A Look at the New Theater Class at WCS


Ben Grieco

The theater class plays one of their improv games during class.

Amanda Brown, Staff Writer

Fall 2016 has made its unwelcome return from the land of summer dreams and brings with it yet another school year, with all brand-new classes. The last several years, Weedsport’s music department has made tremendous improvements and expansions. This year, as the music department continues to grow, it introduces a new class to its students; Musical Theater. The class is instructed by both Mrs. Dentinger and Mr. Franco, and is intended to equip students with the tools and skills they need for acting in the musical theater and give them a basic understanding of the history of musical theater. To learn more about the value of the class and its purpose, the Johnny Green sat down with Mrs. Dentinger, as well as one of the students in the class, Francie Motto.


Mrs. Dentinger:

Q: Why did you and Mr. Franco feel it was necessary to begin the program?

A: “Mr. Franco and I were talking last year about how our students get a great experience in the musical after school, but they don’t necessarily get the chance to go really in-depth with all of the different features of putting on a musical, especially since our students are involved in so many other things. We also don’t have an opportunity to really teach our students about shows besides the one we’re doing, so this would give us a chance to not only have the students work on different aspects that they don’t get a chance to work on throughout the year, but also give us the opportunity to expose everyone to some great musicals that they don’t really know about.”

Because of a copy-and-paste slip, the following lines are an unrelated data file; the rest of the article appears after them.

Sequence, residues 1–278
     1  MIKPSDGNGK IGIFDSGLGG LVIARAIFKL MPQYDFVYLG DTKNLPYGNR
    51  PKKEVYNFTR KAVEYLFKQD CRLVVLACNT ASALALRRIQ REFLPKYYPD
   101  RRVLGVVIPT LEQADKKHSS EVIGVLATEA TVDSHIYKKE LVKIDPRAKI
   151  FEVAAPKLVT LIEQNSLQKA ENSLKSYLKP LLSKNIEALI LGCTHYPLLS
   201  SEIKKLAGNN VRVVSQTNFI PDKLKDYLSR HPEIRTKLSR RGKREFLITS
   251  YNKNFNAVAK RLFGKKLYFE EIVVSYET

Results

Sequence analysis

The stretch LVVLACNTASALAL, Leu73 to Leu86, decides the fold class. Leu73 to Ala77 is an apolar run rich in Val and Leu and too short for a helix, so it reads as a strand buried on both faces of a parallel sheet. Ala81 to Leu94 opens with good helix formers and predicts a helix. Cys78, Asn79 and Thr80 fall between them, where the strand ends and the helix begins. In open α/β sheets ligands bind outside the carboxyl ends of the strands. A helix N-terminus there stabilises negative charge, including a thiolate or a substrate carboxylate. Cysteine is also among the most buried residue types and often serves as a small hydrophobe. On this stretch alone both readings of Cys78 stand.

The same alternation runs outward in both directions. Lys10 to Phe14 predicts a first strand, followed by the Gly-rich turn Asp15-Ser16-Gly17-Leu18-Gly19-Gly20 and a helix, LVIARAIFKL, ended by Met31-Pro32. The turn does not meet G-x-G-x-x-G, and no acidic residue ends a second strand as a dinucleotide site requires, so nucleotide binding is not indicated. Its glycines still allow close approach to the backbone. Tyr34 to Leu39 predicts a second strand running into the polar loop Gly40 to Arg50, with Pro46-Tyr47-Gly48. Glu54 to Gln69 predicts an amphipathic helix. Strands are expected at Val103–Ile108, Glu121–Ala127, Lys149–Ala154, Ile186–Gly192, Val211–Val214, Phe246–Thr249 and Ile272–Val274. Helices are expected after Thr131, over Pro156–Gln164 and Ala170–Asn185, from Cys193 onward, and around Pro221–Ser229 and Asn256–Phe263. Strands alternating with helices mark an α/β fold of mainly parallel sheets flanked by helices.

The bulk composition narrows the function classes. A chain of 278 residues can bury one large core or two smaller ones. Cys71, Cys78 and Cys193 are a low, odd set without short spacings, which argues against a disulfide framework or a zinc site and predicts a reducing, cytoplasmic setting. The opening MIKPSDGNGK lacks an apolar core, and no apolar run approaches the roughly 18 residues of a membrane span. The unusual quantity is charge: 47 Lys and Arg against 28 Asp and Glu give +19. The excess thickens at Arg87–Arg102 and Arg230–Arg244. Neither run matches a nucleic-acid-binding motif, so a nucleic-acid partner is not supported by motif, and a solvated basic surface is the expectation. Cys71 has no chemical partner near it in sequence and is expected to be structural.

Q: What will the curriculum of the class consist of?

A: “It’s somewhat structured chronologically through history. We start with the early 1900s–the Tin Pan Alley era–and we work with musicals from that time period, and each quarter we progress along until fourth quarter we get into the modern-day, contemporary shows. Right now we’re kind of getting everyone’s feet wet. We’re doing a lot of acting and singing games, getting everyone comfortable. Slowly, we’re going to start to have the students work on a couple of their own numbers, scenes, and songs from those shows. As we go through the year, the students will begin to do more things on their own. In the second quarter they’ll be the ones who are actually directing each other and choreographing each other. In the third quarter we’re going to get into more of the behind-the-scenes things. We’ll have students working on lights, and sounds. All of the technical aspects are important for people to know. We even want to have our students do a little bit of set-building. The fourth quarter is a little ambiguous. We’re interested in having some sort of larger-scale musical. Either something with a small cast that already exists or maybe since a lot of the students have taken songwriting courses, even writing their own musical, which a lot of them are interested in. We’re not really sure yet and I think that’s what’s so cool about doing a new course. When students have so many different ideas, you can kind of take it where the students feel they want to go.”